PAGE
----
Twitter posts are “undermining Canada’s democracy,” said Canada’s Heritage Minister Steven Guilbeault in a briefing note, and now #TrudeauDictatorship is trending on the social media platform.
Parliament in 1970 banned hate speech under the Criminal Code. Bill C-36 would expand the law to prohibit hurtful remarks without evidence any crime was committed.
“Social media platforms such as Facebook or Twitter are increasingly central to participation in democratic, cultural and public life,” said the briefing note:
“However, social media platforms can also be used to threaten, intimidate, bully and harass people or used to promote racist, anti-Semitic, Islamophobic, misogynist and homophobic views that target communities, put people’s safety at risk and undermine Canada’s social cohesion or democracy.”
“This content steals and damages lives,” wrote the staff. “It intimidates and obscures valuable voices, preventing a truly democratic debate.”
The briefing note provided no examples, despite calls to action for greater "accountability" and "transparency" from online platforms. Staff added: “The mandate of the Department of Canadian Heritage includes the promotion of a greater understanding of human rights."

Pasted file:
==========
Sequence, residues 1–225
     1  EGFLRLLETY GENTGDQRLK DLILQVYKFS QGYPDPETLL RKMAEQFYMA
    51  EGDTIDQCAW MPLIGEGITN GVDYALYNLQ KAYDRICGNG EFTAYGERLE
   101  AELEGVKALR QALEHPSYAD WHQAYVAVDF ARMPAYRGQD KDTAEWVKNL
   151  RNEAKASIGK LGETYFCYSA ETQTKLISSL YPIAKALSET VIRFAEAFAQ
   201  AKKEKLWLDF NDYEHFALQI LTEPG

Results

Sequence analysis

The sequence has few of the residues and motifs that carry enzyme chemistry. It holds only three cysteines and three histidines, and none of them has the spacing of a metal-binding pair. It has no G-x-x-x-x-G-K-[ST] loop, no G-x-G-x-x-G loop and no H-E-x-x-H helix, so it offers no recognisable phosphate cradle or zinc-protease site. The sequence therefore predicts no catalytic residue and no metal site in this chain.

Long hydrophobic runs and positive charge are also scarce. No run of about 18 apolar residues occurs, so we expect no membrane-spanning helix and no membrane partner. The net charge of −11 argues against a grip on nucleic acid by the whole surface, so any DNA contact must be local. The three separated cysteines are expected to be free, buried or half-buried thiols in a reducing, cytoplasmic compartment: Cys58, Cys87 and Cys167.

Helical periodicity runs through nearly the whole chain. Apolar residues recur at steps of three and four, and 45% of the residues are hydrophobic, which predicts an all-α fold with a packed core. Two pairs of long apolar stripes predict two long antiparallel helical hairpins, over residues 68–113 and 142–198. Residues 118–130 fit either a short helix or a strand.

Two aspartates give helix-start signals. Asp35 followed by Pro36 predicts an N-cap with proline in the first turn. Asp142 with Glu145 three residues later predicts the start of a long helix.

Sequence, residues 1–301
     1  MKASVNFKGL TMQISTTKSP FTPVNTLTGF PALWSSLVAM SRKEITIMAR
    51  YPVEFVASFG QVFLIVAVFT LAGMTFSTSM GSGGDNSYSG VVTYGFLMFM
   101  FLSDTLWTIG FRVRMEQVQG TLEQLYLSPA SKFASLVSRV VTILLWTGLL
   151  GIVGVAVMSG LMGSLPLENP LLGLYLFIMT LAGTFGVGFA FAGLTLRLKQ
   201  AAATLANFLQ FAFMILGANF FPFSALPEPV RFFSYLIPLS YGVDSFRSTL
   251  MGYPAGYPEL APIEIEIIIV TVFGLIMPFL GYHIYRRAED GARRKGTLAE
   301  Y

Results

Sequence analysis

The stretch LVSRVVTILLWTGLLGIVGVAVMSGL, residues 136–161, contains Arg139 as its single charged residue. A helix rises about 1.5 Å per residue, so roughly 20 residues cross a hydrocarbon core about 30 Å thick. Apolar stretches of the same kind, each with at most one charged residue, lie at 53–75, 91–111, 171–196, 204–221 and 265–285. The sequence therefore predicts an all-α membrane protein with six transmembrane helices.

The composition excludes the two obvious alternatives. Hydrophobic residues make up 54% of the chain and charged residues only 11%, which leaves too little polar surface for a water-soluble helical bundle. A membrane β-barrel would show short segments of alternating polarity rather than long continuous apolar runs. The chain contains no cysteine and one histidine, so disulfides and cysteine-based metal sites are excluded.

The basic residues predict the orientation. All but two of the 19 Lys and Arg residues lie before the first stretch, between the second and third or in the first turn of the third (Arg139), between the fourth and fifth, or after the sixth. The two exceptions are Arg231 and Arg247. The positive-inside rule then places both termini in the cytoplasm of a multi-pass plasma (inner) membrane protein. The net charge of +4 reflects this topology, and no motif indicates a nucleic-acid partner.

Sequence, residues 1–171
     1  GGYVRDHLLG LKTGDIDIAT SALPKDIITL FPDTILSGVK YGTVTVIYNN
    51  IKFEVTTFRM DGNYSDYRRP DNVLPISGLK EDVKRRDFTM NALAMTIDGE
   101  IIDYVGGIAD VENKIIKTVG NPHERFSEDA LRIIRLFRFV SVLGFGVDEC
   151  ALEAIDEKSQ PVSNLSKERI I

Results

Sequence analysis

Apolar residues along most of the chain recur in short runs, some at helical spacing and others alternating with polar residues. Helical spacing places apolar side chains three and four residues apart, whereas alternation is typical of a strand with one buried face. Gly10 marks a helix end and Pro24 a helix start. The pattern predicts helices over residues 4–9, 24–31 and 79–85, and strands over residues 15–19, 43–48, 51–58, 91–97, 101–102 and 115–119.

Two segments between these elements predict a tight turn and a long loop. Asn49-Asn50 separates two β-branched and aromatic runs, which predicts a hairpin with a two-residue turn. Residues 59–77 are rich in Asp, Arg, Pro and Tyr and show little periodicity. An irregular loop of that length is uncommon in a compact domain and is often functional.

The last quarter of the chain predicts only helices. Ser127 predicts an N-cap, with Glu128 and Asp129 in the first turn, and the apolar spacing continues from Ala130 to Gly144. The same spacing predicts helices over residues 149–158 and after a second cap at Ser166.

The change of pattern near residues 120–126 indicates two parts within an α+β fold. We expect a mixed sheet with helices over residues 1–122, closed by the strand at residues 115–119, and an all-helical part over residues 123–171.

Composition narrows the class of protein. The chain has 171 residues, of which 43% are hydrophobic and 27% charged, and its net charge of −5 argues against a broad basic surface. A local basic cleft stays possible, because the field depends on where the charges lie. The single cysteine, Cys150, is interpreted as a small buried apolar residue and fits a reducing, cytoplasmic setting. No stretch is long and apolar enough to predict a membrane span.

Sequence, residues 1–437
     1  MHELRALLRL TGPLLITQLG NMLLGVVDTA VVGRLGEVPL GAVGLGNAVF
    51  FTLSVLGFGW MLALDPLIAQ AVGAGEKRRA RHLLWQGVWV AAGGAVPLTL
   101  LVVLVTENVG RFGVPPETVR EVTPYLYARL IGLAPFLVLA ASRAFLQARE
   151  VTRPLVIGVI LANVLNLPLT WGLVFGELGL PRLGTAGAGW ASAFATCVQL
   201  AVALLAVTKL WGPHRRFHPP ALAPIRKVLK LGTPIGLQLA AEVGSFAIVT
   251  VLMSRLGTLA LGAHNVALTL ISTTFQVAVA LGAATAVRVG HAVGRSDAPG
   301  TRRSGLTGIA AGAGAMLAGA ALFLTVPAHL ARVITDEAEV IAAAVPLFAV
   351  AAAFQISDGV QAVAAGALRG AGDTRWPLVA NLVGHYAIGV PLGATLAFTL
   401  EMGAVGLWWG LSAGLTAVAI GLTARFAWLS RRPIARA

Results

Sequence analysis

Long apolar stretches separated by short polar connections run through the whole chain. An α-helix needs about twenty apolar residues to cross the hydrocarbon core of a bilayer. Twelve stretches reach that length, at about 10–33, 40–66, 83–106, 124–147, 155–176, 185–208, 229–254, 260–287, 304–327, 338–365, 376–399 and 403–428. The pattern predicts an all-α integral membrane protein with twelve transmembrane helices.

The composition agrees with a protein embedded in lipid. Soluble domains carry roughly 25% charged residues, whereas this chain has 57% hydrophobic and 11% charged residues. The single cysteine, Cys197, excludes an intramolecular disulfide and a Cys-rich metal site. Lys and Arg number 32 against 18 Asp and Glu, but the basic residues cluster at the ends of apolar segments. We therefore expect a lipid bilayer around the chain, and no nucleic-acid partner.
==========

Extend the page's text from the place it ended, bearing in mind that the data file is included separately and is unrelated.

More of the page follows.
The Post Millennial Editor-in-Chief Libby Emmons reported on the Trudeau Liberals meeting with Facebook executives to censor content before the previous federal election. "This seems like a bad thing for a democracy," she tweeted in 2019.
“Trudeau and his ministers have had private meetings with top Facebook execs asking them to censor content.” Emmons added: "Trudeau will censor your social media if reelected."
Prominent free-speech advocate and Psychology professor Dr. Jordan B. Peterson has explicitly condemned the federal government over the controversial Canadian censorship Bill. Bill C-10 was spearheaded by Guilbeault, but failed to pass before the end of session in June. If the Bill passed, it would have set a legal precedent in regulating all Canadian social media users, with imposed CRTC restrictions on content.
The Department of Justice in a June 23 Backgrounder to Bill C-36 said it “would apply to public communications by individual users on the internet, including on social media, on personal websites and in mass emails,” blog posts, online news sites, “operators of websites that primarily publish their own content” and user comment sections.
62 percent of Canadians fear federal regulation of the internet will curb lawful speech, according to a July 5 survey by the Canadian Internet Registration Authority.
“The question remains whether Canada will commit to a democratic and open internet that puts people first, or will it put a damper on the greatest transformative economic force of our time?” said Better Internet. “As internet regulation looms, public opinion on these issues matters more than ever,” the report added.
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